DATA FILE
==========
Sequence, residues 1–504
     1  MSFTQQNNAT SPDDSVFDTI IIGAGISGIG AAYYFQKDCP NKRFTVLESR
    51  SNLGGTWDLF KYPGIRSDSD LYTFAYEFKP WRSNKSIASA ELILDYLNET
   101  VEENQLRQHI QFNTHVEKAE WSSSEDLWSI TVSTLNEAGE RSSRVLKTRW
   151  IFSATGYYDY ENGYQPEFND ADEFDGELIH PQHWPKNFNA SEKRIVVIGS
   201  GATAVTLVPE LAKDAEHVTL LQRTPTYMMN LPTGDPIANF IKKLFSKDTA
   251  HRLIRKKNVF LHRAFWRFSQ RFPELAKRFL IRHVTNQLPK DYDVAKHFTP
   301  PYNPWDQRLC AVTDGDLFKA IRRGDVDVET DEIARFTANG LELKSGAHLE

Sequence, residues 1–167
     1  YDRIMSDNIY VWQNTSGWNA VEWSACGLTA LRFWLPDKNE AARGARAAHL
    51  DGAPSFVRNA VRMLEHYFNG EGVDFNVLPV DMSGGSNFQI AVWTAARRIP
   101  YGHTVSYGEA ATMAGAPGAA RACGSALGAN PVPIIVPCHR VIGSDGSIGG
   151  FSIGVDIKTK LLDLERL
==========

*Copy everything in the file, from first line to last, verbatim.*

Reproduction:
Sequence, residues 1–504
     1  MSFTQQNNAT SPDDSVFDTI IIGAGISGIG AAYYFQKDCP NKRFTVLESR
    51  SNLGGTWDLF KYPGIRSDSD LYTFAYEFKP WRSNKSIASA ELILDYLNET
   101  VEENQLRQHI QFNTHVEKAE WSSSEDLWSI TVSTLNEAGE RSSRVLKTRW
   151  IFSATGYYDY ENGYQPEFND ADEFDGELIH PQHWPKNFNA SEKRIVVIGS
   201  GATAVTLVPE LAKDAEHVTL LQRTPTYMMN LPTGDPIANF IKKLFSKDTA
   251  HRLIRKKNVF LHRAFWRFSQ RFPELAKRFL IRHVTNQLPK DYDVAKHFTP
   301  PYNPWDQRLC AVTDGDLFKA IRRGDVDVET DEIARFTANG LELKSGAHLE

Sequence, residues 1–167
     1  YDRIMSDNIY VWQNTSGWNA VEWSACGLTA LRFWLPDKNE AARGARAAHL
    51  DGAPSFVRNA VRMLEHYFNG EGVDFNVLPV DMSGGSNFQI AVWTAARRIP
   101  YGHTVSYGEA ATMAGAPGAA RACGSALGAN PVPIIVPCHR VIGSDGSIGG
   151  FSIGVDIKTK LLDLERL